Only thing is, it’s not always safe to let people know you have those doubts. It seems at the moment as if you had it slightly easier, being in Asia rather than the American South (not generally a friendly place to those questioning Christianity), but not being anywhere near home may have made that scarier in its own way.

    • Lana Hope

      I totally agree. And in a way there is freedom in not having the answers. But when your taught to have all the answers, then it’s uncomfortable to not have them.

      • And I don’t exactly blame you, considering the ongoing controversy, if you no longer hope atheists are right. We aren’t all like those disgusting guys that blame victims and are just sure that any cry of harassment is due to hysterical anti-men bias.

        A little out of place with this post, but I guess that goes back to how there’s bigotry all over, even if it concentrates in a few particular places.

  • Lana, I have been reading your blog for several months now, and I really appreciate your contributions. I think you are a real help to those who are re-evaluating the foundations of their faith, and your observations from Cambodia really provide perspective.

    Your post today is powerful (along to the posts leading up to it). It is scary point for many of us in our spiritual journey when the things we one believed so firmly are falling apart. My crisis was somewhat different but was similar in many ways. For example–I was scared to death at what I was seeing and thinking.

    I tell the story of My Spiritual Crisis at

    Continue sharing your thoughts and experiences and helping others in their journeys!

    • Lana Hope

      You’re not the only one I’ve heard that has had a faith crisis over creationism. That says something about how creationism is presented the gospel. It’s almost like creationism is a foundational block, underneat the Bible, so when it falls, the whole Bible seems to fall.


    1. Meritorious works cannot save you.
    2. Works of the Law of Moses cannot save you.
    3. Works of righteousness (good deeds) cannot save you.

    Titus 3:5 not by works of righteousness which we have done, but according to His mercy He saved us, through the washing of regeneration and renewing of the Holy Spirit, (NKJV)

    Titus 3:5 He saved us, not on the basis of deeds which we have done in righteousness, but according to His mercy, by the washing of regeneration and renewing by the Holy Spirit, (NASB)

    Titus 3:5 then he saved us—not because we were good enough to be saved, but because of his kindness and pity— by washing away our sins and giving us the new joy of the indwelling Holy Spirit(The Living Bible —Paraphrased)

    Ephesians 2:8-9….you have been saved…9 not of works, lest anyone should boast. (NKJV)

    Ephesians 2:8-9 …have been saved…9 not as a result of works, so that no one may boast. (NASB)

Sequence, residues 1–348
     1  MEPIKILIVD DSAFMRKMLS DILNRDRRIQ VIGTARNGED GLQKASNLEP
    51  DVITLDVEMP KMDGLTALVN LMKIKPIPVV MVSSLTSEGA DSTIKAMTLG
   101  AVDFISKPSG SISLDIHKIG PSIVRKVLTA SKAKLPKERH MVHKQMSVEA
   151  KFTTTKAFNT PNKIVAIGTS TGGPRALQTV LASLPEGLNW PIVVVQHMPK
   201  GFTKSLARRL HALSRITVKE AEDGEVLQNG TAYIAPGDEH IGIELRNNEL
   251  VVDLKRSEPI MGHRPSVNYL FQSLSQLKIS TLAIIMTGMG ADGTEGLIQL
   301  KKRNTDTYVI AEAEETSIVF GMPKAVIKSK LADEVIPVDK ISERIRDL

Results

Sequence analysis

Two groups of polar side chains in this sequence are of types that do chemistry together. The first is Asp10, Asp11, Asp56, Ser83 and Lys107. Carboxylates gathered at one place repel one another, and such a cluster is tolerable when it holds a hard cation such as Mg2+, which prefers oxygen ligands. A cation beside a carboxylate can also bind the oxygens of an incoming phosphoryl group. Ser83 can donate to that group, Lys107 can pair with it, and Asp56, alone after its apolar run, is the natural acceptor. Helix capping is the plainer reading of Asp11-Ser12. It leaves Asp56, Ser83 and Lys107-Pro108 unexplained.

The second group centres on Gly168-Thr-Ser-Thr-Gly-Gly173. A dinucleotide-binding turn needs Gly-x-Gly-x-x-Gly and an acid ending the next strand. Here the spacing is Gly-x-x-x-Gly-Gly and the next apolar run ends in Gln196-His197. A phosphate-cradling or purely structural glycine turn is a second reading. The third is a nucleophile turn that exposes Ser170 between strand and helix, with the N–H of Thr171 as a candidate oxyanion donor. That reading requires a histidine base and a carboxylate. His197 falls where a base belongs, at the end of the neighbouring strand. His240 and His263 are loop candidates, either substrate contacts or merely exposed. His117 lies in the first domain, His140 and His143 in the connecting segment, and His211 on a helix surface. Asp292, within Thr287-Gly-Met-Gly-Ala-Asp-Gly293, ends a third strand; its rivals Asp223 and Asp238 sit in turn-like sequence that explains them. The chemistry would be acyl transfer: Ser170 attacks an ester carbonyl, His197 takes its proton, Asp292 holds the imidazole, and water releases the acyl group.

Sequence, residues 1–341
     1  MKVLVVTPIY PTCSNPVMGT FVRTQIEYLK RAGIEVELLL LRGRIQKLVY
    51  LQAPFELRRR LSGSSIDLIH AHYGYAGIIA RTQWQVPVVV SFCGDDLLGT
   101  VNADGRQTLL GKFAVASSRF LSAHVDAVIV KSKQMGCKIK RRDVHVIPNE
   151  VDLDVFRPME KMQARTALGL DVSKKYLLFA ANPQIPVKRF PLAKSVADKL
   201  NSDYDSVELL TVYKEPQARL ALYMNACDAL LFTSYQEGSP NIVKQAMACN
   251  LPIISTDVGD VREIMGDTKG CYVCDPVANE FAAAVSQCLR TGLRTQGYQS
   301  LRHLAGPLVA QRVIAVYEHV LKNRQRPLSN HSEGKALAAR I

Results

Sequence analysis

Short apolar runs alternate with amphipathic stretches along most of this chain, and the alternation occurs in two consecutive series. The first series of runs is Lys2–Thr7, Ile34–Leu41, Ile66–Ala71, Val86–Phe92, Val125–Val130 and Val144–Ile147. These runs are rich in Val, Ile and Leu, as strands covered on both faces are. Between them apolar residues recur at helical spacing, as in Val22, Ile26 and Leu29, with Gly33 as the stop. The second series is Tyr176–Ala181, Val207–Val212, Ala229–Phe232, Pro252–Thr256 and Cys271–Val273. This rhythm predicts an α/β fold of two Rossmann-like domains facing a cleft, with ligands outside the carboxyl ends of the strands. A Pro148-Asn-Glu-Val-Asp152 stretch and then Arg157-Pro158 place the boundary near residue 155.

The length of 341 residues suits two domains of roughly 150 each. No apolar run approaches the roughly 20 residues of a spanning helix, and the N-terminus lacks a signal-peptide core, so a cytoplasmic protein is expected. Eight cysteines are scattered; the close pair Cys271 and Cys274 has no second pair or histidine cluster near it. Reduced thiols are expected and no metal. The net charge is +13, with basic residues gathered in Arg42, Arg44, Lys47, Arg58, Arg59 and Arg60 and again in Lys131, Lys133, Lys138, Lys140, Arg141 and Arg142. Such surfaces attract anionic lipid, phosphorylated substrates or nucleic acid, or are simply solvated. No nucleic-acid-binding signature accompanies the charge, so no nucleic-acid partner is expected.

Ephesians 2:8-9 …you have been saved…9 Salvation is not a reward for the good we have done, so none of us can take credit for it.(The Living Bible—Paraphrased)

    Galatians 2:16 “knowing that a man is not justified by works of the law….. (NKJV)

    Galatians 2:16 and yet we Jewish Christian know very well thatwe cannot become right with God by obeying our Jewish law,…(The Living Bible–Paraphrased)

    1.It is not a work of righteousness.
    2. It is not a good deed.
    3. Men are not baptized because they are good enough.
    4. Water baptism is not administered as a reward for good deeds.
    5. Baptism is not a work of the Law of Moses.

    Water baptism is so men can be saved. (Marl 16:16)
    Water baptism is so men can have their sins forgiven. (Acts 2:38)

    1. They are not works of righteousness.
    2. They are not good deeds.
    3. Men do not believe, repentant, and confess because they are good enough.
    4. Faith, repentance, and confession are not works of the Law of Moses.

    Faith, repentance, and confession are so men can have their sins forgiven and be saved. (Mark 16:16, Acts 2:38, Romans 10:9-10)

    SALVATION IS A FREE GIFT FROM GOD. But men have to accept that gift through faith, repentance, confession and water baptism.THERE IS NO WORK REQUIRED.

    Men can be saved in the time it takes to believe, repent, confess, and be immersed in water.

    (Note: Repentance in Acts 2:38 means to change from unbelief and to make the commitment to turn from sin and to turn toward God)

    YOU ARE INVITED TO FOLLOW MY CHRISTIAN BLOG> Google search>>>steve finnell a christian view

    • Lana Hope

      If faith repentance, and confession are not works, why is it that if you don’t “do” those things you can’t enter heaven?

    • So basically, no matter how mean you are in life, no matter how many people you kill or worse, so long as you decide you’re going to repent right there before they slide the needle in, you get to go to heaven.

      And every non-Christian you ever hurt goes to hell to be tortured for eternity.

      You should really pick a religion with better morality. I mean, they say us atheists have no reason to not running around murdering and raping in life, but here you are saying that anyone can do whatever they want as long as they repent at the last minute.

  • gakeat

    Lana: While I have not traveled the globe as you have, and my final destination is different than yours (for I am an nontheist, more based on that for me the burden of proof is to those who are claiming that there is a God, and to me, it is lacking), I related to the story in these 4 posts. I can almost see the pain you must have gone through in your major paradigm shift (and I think that is what you had). But in the end, it is the journey that counts, and not the final destination.